The zealots hope to achieve their aim by claiming, which Professor Sir Richard Doll and Professor Sir Richard Peto never did, that second-hand smoke is so lethal that anyone entering a room, or indeed a company car, which the last smoker vacated possibly several hours previously is in mortal peril—indeed, the noble Baroness, Lady O'Cathain, claimed that 600,000 people a year die from passive smoking, but that figure is larger than the total number of people who die in Britain every year from all causes.
If that were the case, virtually none of us would be here today. Anyone born before, let us say, 1955 necessarily, whether they liked it or not—and most of us did not like it—spent their formative years wreathed in other people's exhaled smoke, since, even if neither of their parents smoked, smoking in public places was ubiquitous. Yet our generation—or perhaps I should say "generations"—have statistically lived much longer than anyone predicted, much to the dismay of annuity providers. Incidentally, have any death certificates listed passive smoking as a cause of death? I think not.
Anyone who doubts the draconian nature of even the original Bill should scrutinise Clause 11 and Schedule 2. By comparison, Clause 13 is relatively mild—albeit wholly inconsistent. It is inconsistent because five and a quarter years ago, on
One recognises that the Bill has not reached this House as the Government originally intended, but that is largely the Government's own fault, partly because some Ministers changed their mind at the last moment—indeed, some of them changed their mind several times in the course of a day—but partly because, as Terence Blacker pointed out in an excellent article in yesterday's Independent, which I commend to your Lordships,
"government by anxiety has become a favoured New Labour method of dealing with its more intractable problems. At the first sign of sustained opposition to proposed legislation that would infringe civil liberties and free speech, for example, ministers spoke in apocalyptic yet general terms about security and the threat of terrorism. The right to life was the greatest human right of all became the mantra of the moment".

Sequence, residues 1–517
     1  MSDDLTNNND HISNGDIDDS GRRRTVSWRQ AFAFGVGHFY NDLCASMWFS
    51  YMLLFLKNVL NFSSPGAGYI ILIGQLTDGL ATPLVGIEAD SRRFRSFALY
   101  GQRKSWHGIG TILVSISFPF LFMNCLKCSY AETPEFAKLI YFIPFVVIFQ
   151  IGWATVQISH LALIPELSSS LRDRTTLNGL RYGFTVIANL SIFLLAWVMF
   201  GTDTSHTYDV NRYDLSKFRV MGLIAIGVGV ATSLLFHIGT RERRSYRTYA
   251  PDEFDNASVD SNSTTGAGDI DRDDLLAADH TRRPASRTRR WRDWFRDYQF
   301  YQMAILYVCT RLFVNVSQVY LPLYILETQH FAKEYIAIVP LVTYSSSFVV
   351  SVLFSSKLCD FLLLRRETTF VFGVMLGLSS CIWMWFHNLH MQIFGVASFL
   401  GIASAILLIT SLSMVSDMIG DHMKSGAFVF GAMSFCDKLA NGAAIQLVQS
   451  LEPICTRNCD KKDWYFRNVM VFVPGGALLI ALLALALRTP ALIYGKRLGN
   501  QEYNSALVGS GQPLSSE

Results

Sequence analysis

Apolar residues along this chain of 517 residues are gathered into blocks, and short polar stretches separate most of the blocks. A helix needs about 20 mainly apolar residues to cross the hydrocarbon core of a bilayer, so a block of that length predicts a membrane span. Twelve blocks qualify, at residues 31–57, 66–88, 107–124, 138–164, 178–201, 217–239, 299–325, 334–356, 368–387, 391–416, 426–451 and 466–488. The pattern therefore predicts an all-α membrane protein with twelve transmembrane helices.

Of course, that applies to all sorts of things. It is implied that if Olympic pistol shooters are allowed to practise using .22 pistols in this country, the murder rate will shoot up, and if we were to leave the EU, there would be millions of unemployed and mass starvation, and so on.
If you consistently frighten people into believing that their safety is in peril, it is bound to rebound on you as a government at some point. Let us hope that in this House we can at the very least restore the Bill so that it goes no further in eroding our freedoms than what was proposed in the Labour manifesto.
My Lords, when I saw that the noble Baroness, Lady Howarth of Breckland, had put her name down to speak in this debate—which of course she would, given her acknowledged expertise in this area—I got an unpleasant sense that she would return to my very disobliging remarks about her when we both spoke in the debate on the London and Liverpool prohibition of smoking Bills last summer. So, first, I want to take this opportunity to apologise to the noble Baroness for casting aspersions on how she conducted her private leisure activities. Despite that, I am not deterred from raising the issue that she observed I probably would raise, and have raised in the past, in respect of this Bill: the impact of Part 1 on the theatre industry.
I start by declaring my interests, which include being an ex-member of the board of the Society of London Theatre and a current member of the boards of both the Almeida Theatre and the Roundhouse, which is shortly to reopen. I should also say that I entirely support the Bill. I want to make that very clear from the outset. In particular, I support the aspects of it that relate to the restriction of smoking in public places. However, some difficulties arise from it concerning the presentation of live theatre events, and I want to outline them. Before I do so, however, I should like to associate myself with the remarks of the noble Baroness, Lady Howarth, about our late colleague Lord Stratford. I had wanted to refer, as she did, to the fact that he spoke in the debate that she and I both participated in last summer. It was the occasion of his maiden speech, and it seems to me terribly sad that he was not with us long enough to see this issue, about which he felt so strongly, brought to fruition through a government Bill. We shall continue to miss him.
Three aspects of Part 1 have a direct impact on how theatre presentations can be brought about. First, the definition of "smoking" in Clause 1 is as follows:
(a) . . . smoking tobacco or anything which contains tobacco; or smoking any other substance; and (b) smoking includes being in possession of lit tobacco or of anything lit which contains tobacco, or being in possession of any other lit substance in a form in which it could be smoked".
That definition would, therefore, include the smoking of herbal cigarettes—a matter to which I shall return.